From: Rob Fargher
To: Ron Stringfellow Oct-23-93 09:24:38
-=> Quoting Ron Stringfellow to All <=-
RS> been to ascertain from the bulk of you slgh's is that after you cut
RS> through the smoke and mirrors you cannot tell us how life began. You
RS> accept by FAITH evolution...in effect your god is evolution. Good
Ron, I have a Ph.D. in Zoology. I am currently employed at a
college where I teach courses in biology and human physiology. I have a
professional and personal lifetime interest in trying to understand life
(not just my own but all of life). Now you may reject these credentials
as they don't represent the revealed knowledge that you cherish. That's
OK, my purpose is not to awe you but rather to make you aware that what
I'm about to say comes from one who knows what he's talking about.
In my courses, a couple of the themes I emphasize are: emergent
properties, evolution (no surprise there, I'm sure, but specifically
that we are the result of our evolutionary history) and the commonality
The concept of emergent properties has to do with levels of
organisation in a organism, viz: organism, organ system, organ, tissue,
cells, molecule. Roughly stated, properties of a certain level emerge
from characteristics of levels underneath it: the special
characteristics of epithelial tissue derive from cellular physiology
at the molecular level. Similarly, organs such as the kidney derive
their properties from the epithelial tissue that composes its functional
parts of the organ. Overwhelmingly massive amounts of our understanding
about how biochemistry, cellular physiology, cells, tissues, organs,
and organ systems work the way they do relies on an understanding of our
evolutionary history. All of life has far, far more in common than
individual species have in unique features.
It is _utterly impossible_ to make sense out of most of our
anatomy/physiology without reference to our evolutionary history.
Dobzhansky (1973) said it succinctly and accurately "Nothing in biology
makes sense except in the light of evolution." Any other interpretation
fails (or has so far) unify biology into a coherent whole. The body of
evidence demonstrating that evolution has occurred is uncontestable, no
matter what agenda one is trying to promote (the _mechanisms_ by which
evolution occurs are another matter and the subject of much fruitful
research). Biological evolution is one of the most strongly
established and verified theories in the pantheon of science. It is so
well established, by means other than self-verification, that to deny it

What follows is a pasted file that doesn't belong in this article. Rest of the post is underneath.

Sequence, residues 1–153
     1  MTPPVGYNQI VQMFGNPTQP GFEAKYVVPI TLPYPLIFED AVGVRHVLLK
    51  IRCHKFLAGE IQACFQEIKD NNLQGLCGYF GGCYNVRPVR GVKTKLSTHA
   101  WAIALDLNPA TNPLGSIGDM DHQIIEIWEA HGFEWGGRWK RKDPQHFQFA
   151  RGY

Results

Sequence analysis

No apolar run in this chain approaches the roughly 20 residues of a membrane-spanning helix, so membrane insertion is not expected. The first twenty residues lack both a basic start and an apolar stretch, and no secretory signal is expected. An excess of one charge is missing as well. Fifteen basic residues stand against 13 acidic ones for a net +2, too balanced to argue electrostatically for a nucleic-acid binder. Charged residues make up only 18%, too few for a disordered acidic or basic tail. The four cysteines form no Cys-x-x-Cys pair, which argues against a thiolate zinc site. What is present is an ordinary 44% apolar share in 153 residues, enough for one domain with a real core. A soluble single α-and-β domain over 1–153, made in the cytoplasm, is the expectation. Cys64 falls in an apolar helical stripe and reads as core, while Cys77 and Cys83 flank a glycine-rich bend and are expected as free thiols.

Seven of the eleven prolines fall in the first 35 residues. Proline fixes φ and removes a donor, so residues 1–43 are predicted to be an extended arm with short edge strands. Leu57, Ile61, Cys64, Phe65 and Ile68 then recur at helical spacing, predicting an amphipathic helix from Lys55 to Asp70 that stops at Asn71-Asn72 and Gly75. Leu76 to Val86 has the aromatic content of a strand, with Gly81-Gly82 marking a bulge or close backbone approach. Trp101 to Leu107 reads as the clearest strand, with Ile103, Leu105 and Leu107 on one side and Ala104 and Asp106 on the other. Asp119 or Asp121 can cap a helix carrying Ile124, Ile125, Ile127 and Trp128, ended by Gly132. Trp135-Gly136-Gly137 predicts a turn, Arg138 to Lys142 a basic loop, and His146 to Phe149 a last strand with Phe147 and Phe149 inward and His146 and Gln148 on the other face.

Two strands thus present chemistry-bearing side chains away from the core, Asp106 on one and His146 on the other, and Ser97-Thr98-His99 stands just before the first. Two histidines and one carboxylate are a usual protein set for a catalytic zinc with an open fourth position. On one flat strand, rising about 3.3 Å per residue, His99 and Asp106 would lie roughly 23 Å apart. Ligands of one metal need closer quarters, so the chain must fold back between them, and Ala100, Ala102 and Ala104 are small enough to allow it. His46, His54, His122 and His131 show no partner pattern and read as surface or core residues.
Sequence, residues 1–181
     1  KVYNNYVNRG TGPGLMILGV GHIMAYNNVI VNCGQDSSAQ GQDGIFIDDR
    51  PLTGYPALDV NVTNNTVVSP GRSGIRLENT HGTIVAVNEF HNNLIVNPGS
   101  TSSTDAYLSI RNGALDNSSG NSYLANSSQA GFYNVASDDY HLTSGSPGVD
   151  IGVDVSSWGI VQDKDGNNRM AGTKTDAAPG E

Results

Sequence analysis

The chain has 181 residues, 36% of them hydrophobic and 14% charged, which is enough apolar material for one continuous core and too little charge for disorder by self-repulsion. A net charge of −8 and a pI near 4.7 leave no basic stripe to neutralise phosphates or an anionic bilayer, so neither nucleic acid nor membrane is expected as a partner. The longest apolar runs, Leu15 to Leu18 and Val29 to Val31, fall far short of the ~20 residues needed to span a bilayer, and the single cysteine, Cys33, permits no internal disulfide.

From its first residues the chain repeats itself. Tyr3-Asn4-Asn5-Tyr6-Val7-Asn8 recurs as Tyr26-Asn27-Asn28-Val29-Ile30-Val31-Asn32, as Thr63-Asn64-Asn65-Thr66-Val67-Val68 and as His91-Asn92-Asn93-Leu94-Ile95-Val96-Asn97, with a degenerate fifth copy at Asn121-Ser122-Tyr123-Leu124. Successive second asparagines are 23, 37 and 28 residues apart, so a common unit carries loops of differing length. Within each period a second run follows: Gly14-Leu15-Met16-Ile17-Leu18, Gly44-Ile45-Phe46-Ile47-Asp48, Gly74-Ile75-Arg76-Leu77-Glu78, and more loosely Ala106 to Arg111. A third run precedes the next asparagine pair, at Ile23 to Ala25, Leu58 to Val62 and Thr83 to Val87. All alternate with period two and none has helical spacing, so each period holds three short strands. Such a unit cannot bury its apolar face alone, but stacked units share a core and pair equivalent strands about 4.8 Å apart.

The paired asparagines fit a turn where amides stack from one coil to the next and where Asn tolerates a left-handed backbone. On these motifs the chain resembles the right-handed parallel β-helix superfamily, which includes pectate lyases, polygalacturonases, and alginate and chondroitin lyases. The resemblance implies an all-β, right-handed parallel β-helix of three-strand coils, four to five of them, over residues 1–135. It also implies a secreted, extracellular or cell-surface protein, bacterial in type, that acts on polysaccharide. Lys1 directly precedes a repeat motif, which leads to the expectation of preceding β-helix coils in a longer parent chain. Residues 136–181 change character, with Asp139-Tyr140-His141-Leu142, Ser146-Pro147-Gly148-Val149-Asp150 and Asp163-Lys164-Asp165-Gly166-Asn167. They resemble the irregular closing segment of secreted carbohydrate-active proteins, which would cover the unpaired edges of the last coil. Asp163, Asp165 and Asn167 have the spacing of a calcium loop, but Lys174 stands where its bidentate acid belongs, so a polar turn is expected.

means denying _all_ of science. To bury ones head in the intellectual
sand and dogmatically assert that evolution did not occur is at best
wishful thinking and at worst outright malicious; in either case it is a
medieval reversion to alchemy and Holy Grails.
Now, here's a little secret, Ron. Evolution does not deny God! There
is absolutely nothing in evolutionary theory that in any way contradicts
suppositions that God started the whole shebang and set evolution off on
it's course. This, in caricature, is the position of the Catholic
church! Not only that but many of the researchers who work in the field
of evolutionary theory attend church! Although many do not hold such a
position, it is not a logical inconsistency to hold a belief in God as
the creator of ultimate origins and to have confidence in science as a
means of discovering how life, the universe, and everything works.
Here's another little secret, Ron. Just as science doesn't deal with
gods, evolution DOES NOT DEAL WITH ULTIMATE ORIGINS. In no way is it
necessary to understand how life arose on Earth. Evolutionary
mechanisms only come into play once life arose. Theories about the
origin of life ARE NOT A PART OF EVOLUTION. Theories about the origin
of life are just that, theories about the origin of life not theories
about evolution. We collectively have far more confidence in evolution
as the explanation for the development and diversification of life once
it arose than we have in theories about abiogenic origins of life.
However, evolution and abiogenic origins are two completely separate
issues. If you insist on faulting evolution because it doesn't provide
an explanation for the ultimate origin of life then you are committing a
severe logical fallacy. You are also erecting a strawman, trying to saddle
inappropriate baggage on to evolutionary theory; this is intellectual
dishonesty. As such, you are acting as an anti-intellectual saboteur,
fortunately an ineffective one - your intellectual gun is loaded with blanks.
RS> If man is in a constant state of evolution...where is he going to
RS> evolve when the sun burns out ? Will he become cold blooded blind
RS> white salamanders ?
No, Ron, we won't. If we haven't killed ourselves off by then the
death of the sun, some billion years hence, will do the job. You see,
one of the characteristic features of all life is that it is a dynamic
equilibrium of sustained local decrease in entropy. This local entropy
decrease is _obligatorially_ coupled to the much greater entropy
increase represented by the sun; the sun is the power plant that drives
all life on earth. Once the sun is no longer supplying energy to the
earth, all life will die out.
But it won't come to that. Part of our suns evolution (there's that
word again) will be to pass through a red giant stage. At that stage
the outer circumference of the sun will be past the orbit of Jupiter.
Earth itself will no longer exist.
... Canada: a country where smokes are $7 but heart transplants are free.
--- Blue Wave/Max v2.12
* Origin: The BandMaster, Vancouver, BC (604-266-7754) (1:153/7715)